Biden faces protestors at NH campaign event over Obama-era deportations

Former Vice President Joe Biden faced a protest Friday during a campaign event by a small group of demonstrators angry over the stepped-up deportation of undocumented immigrants during President Barack Obama’s administration.

The disturbance came at the end of a campaign event in the first-in-the-nation presidential primary state of New Hampshire, where Biden -- the current front-runner in the race for the Democratic presidential nomination  -- chided some of his 2020 rivals for forming “a circular firing squad” and lamented that he’s “getting skewered by the new Democratic Party.”

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As the former vice president was shaking hands and taking selfies with supporters after delivering a 30-minute speech, he was briefly confronted by protesters holding signs reading “Biden we haven’t forgotten 3 million deportations.” They also chanted “apologize now.”

Biden briefly attempted to talk with one of the demonstrators.

A spokesperson for the protesters said they belonged to the New Hampshire Youth Movement and added that they were allied with Movimiento Cosecha, which describes itself as a “nonviolent movement fighting for permanent protection, dignity, and respect for all immigrants.”

The spokesperson, who said her name was Quincy, explained that “we’re here because we do not find many of Joe Biden’s actions acceptable, in terms of his record on immigration under the Obama administration.”

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She added that “we need a person who’s going to champion issues like Medicare for all, free college for all, and the Green New Deal, that are going to save my generation’s life and we don’t believe Joe Biden is the person to do that.”

While the Obama administration – with Biden as vice president – is praised by many Democrats for implementing the Deferred Action for Childhood Arrivals program in 2014, it’s criticized by many immigration advocates for the increase in deportations.

Later, Biden told reporters "I think the policy of the boarding felons makes sense."

He explained that the Obama administration was under orders that required the deportations but that the president made sure "to only deport people who were, in fact, committing a felony."

Biden remains the front-runner in the Democratic nomination race, but he’s seen his big lead in the national and early primary and caucus voting state polls slip in the wake of last month’s first round of primary debates when he was cold-cocked by Sen. Kamala Harris.

The California Democrat’s breakthrough debate moment came as she criticized recent comments by Biden spotlighting his ability to find common ground during the 1970s with segregationist senators with whom he disagreed, and over his opposition decades ago to federally mandated school busing.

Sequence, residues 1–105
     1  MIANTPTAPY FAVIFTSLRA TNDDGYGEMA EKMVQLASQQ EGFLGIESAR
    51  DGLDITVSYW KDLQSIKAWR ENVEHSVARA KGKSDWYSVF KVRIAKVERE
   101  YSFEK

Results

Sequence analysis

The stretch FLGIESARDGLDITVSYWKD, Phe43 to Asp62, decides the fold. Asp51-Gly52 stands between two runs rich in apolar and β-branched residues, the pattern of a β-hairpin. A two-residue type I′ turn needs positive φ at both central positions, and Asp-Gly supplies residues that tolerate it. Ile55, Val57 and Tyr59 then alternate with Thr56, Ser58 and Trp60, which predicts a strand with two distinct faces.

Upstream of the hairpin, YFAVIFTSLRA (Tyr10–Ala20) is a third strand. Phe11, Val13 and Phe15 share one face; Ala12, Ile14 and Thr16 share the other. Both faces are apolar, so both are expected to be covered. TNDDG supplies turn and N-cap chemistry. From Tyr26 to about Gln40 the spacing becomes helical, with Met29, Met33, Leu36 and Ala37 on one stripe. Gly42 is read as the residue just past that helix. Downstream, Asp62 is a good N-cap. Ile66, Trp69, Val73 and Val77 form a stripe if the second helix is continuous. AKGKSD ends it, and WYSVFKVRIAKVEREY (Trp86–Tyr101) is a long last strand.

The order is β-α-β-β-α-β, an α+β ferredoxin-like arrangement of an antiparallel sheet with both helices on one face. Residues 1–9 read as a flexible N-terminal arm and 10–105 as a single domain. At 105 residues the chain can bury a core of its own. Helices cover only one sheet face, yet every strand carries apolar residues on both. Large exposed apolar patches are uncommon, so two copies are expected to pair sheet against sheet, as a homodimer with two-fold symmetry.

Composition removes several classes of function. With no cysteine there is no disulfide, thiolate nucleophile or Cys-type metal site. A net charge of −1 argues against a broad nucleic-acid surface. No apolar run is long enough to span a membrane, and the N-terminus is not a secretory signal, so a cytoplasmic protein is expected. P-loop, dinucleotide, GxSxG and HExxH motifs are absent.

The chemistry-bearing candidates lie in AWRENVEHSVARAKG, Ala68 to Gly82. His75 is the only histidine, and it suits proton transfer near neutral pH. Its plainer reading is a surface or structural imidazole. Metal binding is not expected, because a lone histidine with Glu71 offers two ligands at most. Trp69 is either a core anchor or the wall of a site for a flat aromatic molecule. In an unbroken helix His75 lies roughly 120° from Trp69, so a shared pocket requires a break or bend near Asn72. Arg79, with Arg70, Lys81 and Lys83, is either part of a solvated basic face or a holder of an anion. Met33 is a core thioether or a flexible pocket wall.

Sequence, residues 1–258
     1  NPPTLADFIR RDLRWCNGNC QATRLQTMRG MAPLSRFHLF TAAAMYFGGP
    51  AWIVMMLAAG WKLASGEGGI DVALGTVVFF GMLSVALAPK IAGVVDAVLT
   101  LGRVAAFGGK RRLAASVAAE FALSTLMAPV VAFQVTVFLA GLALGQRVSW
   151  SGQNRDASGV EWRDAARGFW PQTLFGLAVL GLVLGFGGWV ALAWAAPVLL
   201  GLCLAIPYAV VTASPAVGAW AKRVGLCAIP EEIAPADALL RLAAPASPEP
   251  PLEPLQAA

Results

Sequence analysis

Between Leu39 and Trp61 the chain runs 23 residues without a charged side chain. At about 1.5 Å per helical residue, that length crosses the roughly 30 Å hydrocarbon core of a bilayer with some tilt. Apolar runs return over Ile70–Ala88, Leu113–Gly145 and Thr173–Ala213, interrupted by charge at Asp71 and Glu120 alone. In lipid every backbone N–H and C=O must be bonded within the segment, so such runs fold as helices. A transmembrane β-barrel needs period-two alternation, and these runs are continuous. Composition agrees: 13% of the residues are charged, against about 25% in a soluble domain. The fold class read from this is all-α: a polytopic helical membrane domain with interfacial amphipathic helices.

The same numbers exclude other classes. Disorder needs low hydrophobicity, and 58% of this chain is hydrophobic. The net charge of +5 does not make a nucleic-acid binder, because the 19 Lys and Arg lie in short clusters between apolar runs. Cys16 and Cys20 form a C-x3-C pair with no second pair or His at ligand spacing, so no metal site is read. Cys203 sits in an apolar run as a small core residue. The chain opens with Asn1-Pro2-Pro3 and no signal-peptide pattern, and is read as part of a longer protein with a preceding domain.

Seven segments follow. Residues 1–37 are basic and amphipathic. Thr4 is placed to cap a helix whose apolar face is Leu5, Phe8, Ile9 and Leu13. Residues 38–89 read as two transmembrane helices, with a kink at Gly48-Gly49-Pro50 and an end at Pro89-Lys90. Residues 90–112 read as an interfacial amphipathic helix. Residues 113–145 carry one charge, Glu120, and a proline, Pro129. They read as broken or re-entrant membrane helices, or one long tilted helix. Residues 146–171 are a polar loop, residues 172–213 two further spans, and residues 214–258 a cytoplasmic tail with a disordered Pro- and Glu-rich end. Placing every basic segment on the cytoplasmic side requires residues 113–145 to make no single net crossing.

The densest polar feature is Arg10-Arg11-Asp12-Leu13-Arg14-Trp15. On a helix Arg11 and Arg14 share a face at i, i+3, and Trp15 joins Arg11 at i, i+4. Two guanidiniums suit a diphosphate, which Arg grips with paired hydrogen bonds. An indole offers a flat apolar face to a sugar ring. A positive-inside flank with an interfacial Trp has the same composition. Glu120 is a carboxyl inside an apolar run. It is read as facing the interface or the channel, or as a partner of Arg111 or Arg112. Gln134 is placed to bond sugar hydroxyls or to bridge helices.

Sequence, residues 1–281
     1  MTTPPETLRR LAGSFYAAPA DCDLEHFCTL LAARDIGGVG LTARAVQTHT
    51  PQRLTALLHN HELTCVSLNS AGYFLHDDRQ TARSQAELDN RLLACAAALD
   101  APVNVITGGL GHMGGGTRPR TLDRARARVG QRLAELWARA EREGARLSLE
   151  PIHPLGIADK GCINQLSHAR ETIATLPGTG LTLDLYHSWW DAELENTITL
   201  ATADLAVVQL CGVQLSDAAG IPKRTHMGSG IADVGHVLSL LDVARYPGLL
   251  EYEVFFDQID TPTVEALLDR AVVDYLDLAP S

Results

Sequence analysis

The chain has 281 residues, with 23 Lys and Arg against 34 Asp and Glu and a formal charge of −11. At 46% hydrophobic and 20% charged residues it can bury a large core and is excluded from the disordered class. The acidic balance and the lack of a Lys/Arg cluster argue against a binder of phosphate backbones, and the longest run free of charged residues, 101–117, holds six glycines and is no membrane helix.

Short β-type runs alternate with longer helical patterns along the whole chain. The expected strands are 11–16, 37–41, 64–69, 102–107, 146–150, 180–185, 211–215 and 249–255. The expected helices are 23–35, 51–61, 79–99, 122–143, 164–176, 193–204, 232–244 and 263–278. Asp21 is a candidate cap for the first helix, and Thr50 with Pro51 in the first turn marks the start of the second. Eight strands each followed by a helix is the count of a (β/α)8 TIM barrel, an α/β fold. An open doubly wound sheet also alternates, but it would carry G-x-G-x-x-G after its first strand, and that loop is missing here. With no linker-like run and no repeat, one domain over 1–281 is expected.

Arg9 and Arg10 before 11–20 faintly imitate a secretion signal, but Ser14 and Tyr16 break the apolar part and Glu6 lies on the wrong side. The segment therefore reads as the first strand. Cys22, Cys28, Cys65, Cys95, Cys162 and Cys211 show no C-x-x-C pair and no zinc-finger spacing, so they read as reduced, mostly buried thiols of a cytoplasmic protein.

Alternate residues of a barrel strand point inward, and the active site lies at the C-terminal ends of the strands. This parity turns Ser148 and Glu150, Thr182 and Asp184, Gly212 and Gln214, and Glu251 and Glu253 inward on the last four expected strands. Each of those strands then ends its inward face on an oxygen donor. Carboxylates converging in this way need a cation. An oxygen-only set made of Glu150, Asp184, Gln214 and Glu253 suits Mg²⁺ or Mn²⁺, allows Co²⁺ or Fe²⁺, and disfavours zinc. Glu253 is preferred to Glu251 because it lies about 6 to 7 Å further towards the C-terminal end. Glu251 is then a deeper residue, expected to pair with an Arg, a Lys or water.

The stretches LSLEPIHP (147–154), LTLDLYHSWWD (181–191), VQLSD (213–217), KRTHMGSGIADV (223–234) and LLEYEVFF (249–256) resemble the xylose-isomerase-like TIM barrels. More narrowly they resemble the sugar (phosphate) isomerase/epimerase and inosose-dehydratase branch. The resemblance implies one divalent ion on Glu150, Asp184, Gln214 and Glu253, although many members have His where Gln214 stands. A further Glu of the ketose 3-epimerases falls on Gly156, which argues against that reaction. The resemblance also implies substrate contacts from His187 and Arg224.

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Biden told the crowd in Dover that “the good news about being a front runner is that you’re a front runner. The bad news about being a front runner is everyone’s behind you, they’re looking. You know what I mean.”

And he warned his rivals that the last thing the Democratic White House hopefuls need to do is “fall in a circular firing squad here.”

“I’m getting skewered by the new Democrat party and I respect them, by the way,” he emphasized.

And he said he was getting attacked by some of his rivals for preaching about his ability to work with Republicans across the aisle to get things accomplished.

“Somehow the idea we are able to cooperate with the other side is considered naïve,” he lamented.

Biden also repeatedly took aim at Republican President Donald Trump, saying he’s “embracing these oligarchs, embracing these thugs, poking his finger in the eye of NATO, the single most consequential alliance we’ve ever had. Folks, it is incredibly dangerous.”

And he emphasized that “we’ve got to stop this guy. We’ve got to keep him from having a second term.”

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The former vice president told the audience “I hope you’ll vote for me,” but also highlighted that if he doesn’t win the nomination, “whoever our nominee is, I’m going to break my neck to make sure they get elected.”

Biden arrived in the Granite State a few days after he released his tax returns, which showed he made $15 million in the two years after leaving office.

Asked by Fox News' Peter Doocy if he can still call himself "Middle-Class Joe," Biden touted he was raised with "middle-class values."

"The fact of the matter is that the money that I made I made because I got hired as a full professor at the University of Pennsylvania. And I wrote a book that was number one on the best sellers for a long long time," he noted.

The stop in Dover kicked off a two-day swing by the Biden as he makes his third trip to New Hampshire since launching his campaign in late April.

Hours earlier, rival Pete Buttigieg held a large rally a few blocks away. City officials estimated that more than 800 people attended the South Bend, Indiana mayor's event.

That crowd was significantly larger than the one gathered for Biden.

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But New Hampshire attorney and former ambassador Terry Shumaker, a top Granite State supporter and surrogate for Biden, dismissed talk of a lack of enthusiasm for the former vice president.

"People are coming up to me on the street and self-identifying themselves as Biden supporter," he noted.

Shumaker explained the most people are "interested in some of the newer names and what the excitement is and they want to go see them. But literally everybody I know is still shopping. Nobody’s buying yet."

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